Sunday, August 26, 2012

Why Fiscal Conservatives Lose Political Wars

Strict fiscal conservatives react to social conservatives pretty much in the way devils react to holy water. When an ardent political fiscal conservative identifies himself as such, his intent is to indicate whom he means to oblige once in office. But fiscal conservatism without some measure of social conservatism is what William James, the father of American pragmatism, called a dead option, because it leaves out of account essential social configurations. At bottom, all politics is social.

Aristotle begins his general discussion of politics with a consideration of the family as the principal political unit of the state, but then the Aristotelian state is much larger, deeper and wider than that of the fiscal conservative who flees the field when the political chatter turns to a discussion of social considerations. This abject pants-on-fire flight leaves progressives and liberals in charge of the family, the church, the school, the constitution – America’s primary socio-political document -- and all other social and political mediating institutions.


The problem with such timidity is that it surrenders the political field to modern disintegrative forces. Just as Benjamin Franklin warned the children of the American Revolution that they must KEEP the Republic bequeathed to them by the founders, so the society in which fiscal conservatives live and move must be kept in relative good order, presumably by social as well as fiscal conservatives. It simply will not do for conservatives to pretend that the fiscal state has nothing to do with the moral or social order.
And, in fact, liberals and progressives suppose no such thing – which is why they have won most of the battles fought on social grounds here in Connecticut.
The forces of social disintegration, so evident in cities run for years by the state’s dominant Democratic Party, provide unimpeachable testimony to the effects of the flight of Republicans from social issues. To take but one instance, the father, as a force for social good in city life, has pretty much disappeared from the urbanscape. His passing will not be mourned by fiscal conservatives who, like Pilate, are only too happy to wash their hands of inconvenient social issues.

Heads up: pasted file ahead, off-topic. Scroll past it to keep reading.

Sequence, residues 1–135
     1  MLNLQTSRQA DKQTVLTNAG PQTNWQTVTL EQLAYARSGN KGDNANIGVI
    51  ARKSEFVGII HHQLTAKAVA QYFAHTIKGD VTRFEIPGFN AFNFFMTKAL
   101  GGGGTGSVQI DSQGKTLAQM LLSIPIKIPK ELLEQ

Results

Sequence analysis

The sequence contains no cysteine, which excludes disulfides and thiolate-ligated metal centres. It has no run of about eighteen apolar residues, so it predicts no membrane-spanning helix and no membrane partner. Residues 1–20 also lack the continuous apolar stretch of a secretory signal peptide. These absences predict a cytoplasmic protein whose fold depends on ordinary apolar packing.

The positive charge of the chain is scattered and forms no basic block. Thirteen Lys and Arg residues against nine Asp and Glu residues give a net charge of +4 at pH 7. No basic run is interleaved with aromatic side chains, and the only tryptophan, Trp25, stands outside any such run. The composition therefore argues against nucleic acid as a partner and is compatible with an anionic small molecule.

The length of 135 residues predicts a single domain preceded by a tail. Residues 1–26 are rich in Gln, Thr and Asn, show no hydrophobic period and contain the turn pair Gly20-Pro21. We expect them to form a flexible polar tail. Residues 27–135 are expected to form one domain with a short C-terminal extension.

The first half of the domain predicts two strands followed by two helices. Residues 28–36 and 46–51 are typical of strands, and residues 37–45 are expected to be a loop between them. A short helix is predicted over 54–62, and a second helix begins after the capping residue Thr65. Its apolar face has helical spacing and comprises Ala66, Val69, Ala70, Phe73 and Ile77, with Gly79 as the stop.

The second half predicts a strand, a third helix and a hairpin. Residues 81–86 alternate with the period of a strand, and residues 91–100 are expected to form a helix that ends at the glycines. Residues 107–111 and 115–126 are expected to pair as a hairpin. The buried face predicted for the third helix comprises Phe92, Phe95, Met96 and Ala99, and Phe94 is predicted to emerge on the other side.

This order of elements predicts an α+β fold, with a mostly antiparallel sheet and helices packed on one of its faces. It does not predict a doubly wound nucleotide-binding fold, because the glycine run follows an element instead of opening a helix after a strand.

A friend who counts himself both a fiscal and social conservative meets the usual cowardly retreat from moral and ethical issues by asking fiscal conservatives in full flight from their social responsibilities to name ONE piece of legislation passed in the last two hundred years that has NO social consequences. This question produces a stunned silence – for good reasons.
Every piece of current legislation, all previous statutory laws, every judgment by a court, every political decision made by a chief executive, necessarily affects the social sphere; and if laws and regulations and taxes and the rate of spending – generally considered to fall on the fiscal side of the fence – were to have no social repercussions at all, they would be entirely worthless. What exactly is the point in passing a piece of fiscal legislation that leaves the social status quo untouched?
The division usually cited between fiscal and social conservatism is the most conspicuous red herring of the modern age, often thoughtless and prone to baneful influences exerted by political demagogues.